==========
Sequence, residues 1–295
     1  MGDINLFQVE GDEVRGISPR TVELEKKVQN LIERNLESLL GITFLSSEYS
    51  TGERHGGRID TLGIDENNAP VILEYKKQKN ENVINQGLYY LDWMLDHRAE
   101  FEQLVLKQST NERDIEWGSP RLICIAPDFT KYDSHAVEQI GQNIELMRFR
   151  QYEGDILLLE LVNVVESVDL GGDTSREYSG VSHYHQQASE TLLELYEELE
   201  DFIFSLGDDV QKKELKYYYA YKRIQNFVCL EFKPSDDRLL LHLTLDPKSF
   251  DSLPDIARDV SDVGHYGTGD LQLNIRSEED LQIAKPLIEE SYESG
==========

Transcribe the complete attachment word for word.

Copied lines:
Sequence, residues 1–295
     1  MGDINLFQVE GDEVRGISPR TVELEKKVQN LIERNLESLL GITFLSSEYS
    51  TGERHGGRID TLGIDENNAP VILEYKKQKN ENVINQGLYY LDWMLDHRAE
   101  FEQLVLKQST NERDIEWGSP RLICIAPDFT KYDSHAVEQI GQNIELMRFR
   151  QYEGDILLLE LVNVVESVDL GGDTSREYSG VSHYHQQASE TLLELYEELE
   201  DFIFSLGDDV QKKELKYYYA YKRIQNFVCL EFKPSDDRLL LHLTLDPKSF
   251  DSLPDIARDV SDVGHYGTGD LQLNIRSEED LQIAKPLIEE SYESG